In eusocial animals that engage in reproductive specialization, parthenogenesis can be a means of regulating the relative number of females and males in the group. One well-known example is the honeybee: Most females in the colony are sterile workers, but a few become fertile queens. After the queen mates, she possesses a supply of sperm that she controls, enabling her to produce either fertilized or unfertilized eggs. Thus, the queen determines when and how much of the colony’s resources are expended on the production of males (called drones).

Recent examples

  • The Komodo dragon, which normally engages in sexual reproduction, was recently found to be able to reproduce asexually via parthenogenesis (Highfield 2006; Watts 2006). Because the genetics of sex determination in Komodo dragons uses the WZ system (where WZ is female, ZZ is male, and WW is inviable), the offspring of parthenogenesis will be male (ZZ) or inviable (WW), with no females being born. It has been postulated that this strategy might give the Komodo dragon an advantage in the colonization of islands, where a single female could theoretically have male offspring asexually, then switch to sexual reproduction to maintain a higher level of genetic diversity than asexual reproduction alone could produce.
  • In 2001, a bonnethead (a type of small hammerhead shark) was thought to have produced a pup in captivity at a zoo in Nebraska. The tank contained three female hammerheads and no males. DNA testing showed that the pup's DNA matched only one female living in the tank, and that no male DNA was present in the pup. The pup was not a twin or clone of the mother; rather, it contained only half her DNA (a process called automictic parthenogenesis). The type of reproduction exhibited had been seen before in bony fish but never in cartilaginous fish such as sharks (Sample 2007). Another apparent parthenogenic shark birth occurred in 2002, when two white-spotted bamboo sharks were born at the Belle Isle Aquarium in Detroit. The birth baffled experts as the mother shared an aquarium with only one other female shark.

The repercussions of self-fertilization in sharks, which reduces the genetic diversity of the offspring, is a matter of concern for shark experts, taking into consideration conservation management strategies for this species, particularly in areas where there may be a shortage of males due to fishing or environmental pressures. Unlike Komodo dragons, which have a WZ chromosome system and produce male (ZZ) offspring by parthenogenesis, sharks have an XY chromosome system, so they produce only female (XX) offspring by parthenogenesis. As a result, sharks cannot restore a depleted male population through parthenogenesis, so an all-female population must come in contact with an outside male before normal sexual reproduction can resume.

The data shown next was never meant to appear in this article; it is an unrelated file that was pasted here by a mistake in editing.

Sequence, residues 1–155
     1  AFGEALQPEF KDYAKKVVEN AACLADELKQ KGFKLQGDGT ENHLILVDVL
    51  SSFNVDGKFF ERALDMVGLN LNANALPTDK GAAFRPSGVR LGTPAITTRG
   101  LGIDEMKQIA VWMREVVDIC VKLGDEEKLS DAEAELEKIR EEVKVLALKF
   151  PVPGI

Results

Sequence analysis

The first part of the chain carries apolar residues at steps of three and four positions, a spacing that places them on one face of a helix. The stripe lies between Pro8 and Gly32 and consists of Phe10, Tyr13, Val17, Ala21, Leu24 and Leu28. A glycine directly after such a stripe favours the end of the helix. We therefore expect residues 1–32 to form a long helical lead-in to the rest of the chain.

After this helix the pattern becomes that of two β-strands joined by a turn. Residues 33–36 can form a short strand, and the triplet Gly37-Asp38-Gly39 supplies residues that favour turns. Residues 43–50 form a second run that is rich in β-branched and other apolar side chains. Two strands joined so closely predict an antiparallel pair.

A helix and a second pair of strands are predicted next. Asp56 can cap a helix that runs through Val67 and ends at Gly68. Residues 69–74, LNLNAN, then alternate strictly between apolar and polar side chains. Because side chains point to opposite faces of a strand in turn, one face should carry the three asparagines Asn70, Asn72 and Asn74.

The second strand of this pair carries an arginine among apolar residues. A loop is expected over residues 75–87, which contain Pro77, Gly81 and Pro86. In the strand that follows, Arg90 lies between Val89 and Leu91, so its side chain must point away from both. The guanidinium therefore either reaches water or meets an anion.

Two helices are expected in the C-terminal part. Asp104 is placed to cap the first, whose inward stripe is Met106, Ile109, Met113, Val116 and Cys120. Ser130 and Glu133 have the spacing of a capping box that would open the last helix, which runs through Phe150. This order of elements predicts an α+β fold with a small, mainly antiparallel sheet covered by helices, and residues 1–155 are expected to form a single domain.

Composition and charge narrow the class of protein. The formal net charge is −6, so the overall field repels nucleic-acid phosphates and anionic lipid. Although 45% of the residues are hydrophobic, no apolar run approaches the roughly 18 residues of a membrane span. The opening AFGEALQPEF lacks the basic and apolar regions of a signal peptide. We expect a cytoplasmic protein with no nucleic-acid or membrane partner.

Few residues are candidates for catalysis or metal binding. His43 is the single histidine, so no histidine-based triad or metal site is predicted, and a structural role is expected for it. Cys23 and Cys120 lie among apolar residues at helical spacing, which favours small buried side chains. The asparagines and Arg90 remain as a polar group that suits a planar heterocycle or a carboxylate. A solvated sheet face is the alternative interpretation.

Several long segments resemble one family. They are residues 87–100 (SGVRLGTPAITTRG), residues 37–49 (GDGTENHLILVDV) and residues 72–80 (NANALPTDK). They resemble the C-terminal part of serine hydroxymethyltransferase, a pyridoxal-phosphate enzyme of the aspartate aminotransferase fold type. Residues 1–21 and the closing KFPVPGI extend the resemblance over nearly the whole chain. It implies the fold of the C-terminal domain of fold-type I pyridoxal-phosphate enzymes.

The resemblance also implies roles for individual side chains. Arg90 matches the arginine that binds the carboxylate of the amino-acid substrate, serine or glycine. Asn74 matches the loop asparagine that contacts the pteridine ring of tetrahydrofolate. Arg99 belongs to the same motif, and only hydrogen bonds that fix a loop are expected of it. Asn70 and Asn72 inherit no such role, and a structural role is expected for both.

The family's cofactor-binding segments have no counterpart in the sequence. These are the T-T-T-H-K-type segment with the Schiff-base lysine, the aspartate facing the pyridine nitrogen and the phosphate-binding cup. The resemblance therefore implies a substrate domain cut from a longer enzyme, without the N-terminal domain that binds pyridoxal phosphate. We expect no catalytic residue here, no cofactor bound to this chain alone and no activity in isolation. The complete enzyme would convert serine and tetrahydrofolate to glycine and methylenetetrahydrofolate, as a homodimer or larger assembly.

Parthenogenesis differs from cloning

Parthenogenesis is distinct from artificial animal cloning, a process in which the new organism is identical to the cell donor. Parthenogenesis is truly a reproductive process that creates a new individual or individuals from the naturally varied genetic material contained in the eggs of the mother. However, in animals with an XY chromosome system where parthenogenic offspring (called parthenogens) are female, the offspring of a parthenogen all are genetically identical to each other and to the mother, as a parthenogen is homozygous (possessing two identical sets of genes).

References

Further reading

  • Dawley, R. M., and J. P. Bogart. 1989. Evolution and Ecology of Unisexual Vertebrates. Albany, New York: New York State Museum. ISBN 1555571794
  • Futuyma, D. J., and M. Slatkin. 1983. Coevolution. Sunderland, MA: Sinauer Associates. ISBN 0878932283
  • Maynard Smith, J. 1978. The Evolution of Sex. Cambridge: Cambridge University Press. ISBN 0521293022
  • Michod, R. E., and B. R. Levin. 1988. The Evolution of Sex. Sunderland, MA: Sinauer Associates. ISBN 0878934596
  • Schlupp, I. 2005. The evolutionary ecology of gynogenesis. Annu Rev Ecol Evol Syst 36: 399-417.
  • Simon, J., C. Rispe, and P. Sunnucks. 2002. Ecology and evolution of sex in aphids. Trends in Ecology & Evolution 17: 34-39.
  • Stearns, S. C. 1988. The Evolution of Sex and Its Consequences. Experientia Supplementum, Vol. 55. Boston: Birkhauser. ISBN 0817618074
  • Watts, P.C., K. R. Buley, S. Sanderson, W. Boardman, C. Claudio, and R. Gibson. 2006. Parthenogenesis in Komodo dragons. Nature 444: 1021-1022.

External links

All links retrieved March 26, 2015.

Credits

New World Encyclopedia writers and editors rewrote and completed the Wikipedia article in accordance with New World Encyclopedia standards. This article abides by terms of the Creative Commons CC-by-sa 3.0 License (CC-by-sa), which may be used and disseminated with proper attribution. Credit is due under the terms of this license that can reference both the New World Encyclopedia contributors and the selfless volunteer contributors of the Wikimedia Foundation. To cite this article click here for a list of acceptable citing formats.The history of earlier contributions by wikipedians is accessible to researchers here:

Note: Some restrictions may apply to use of individual images which are separately licensed.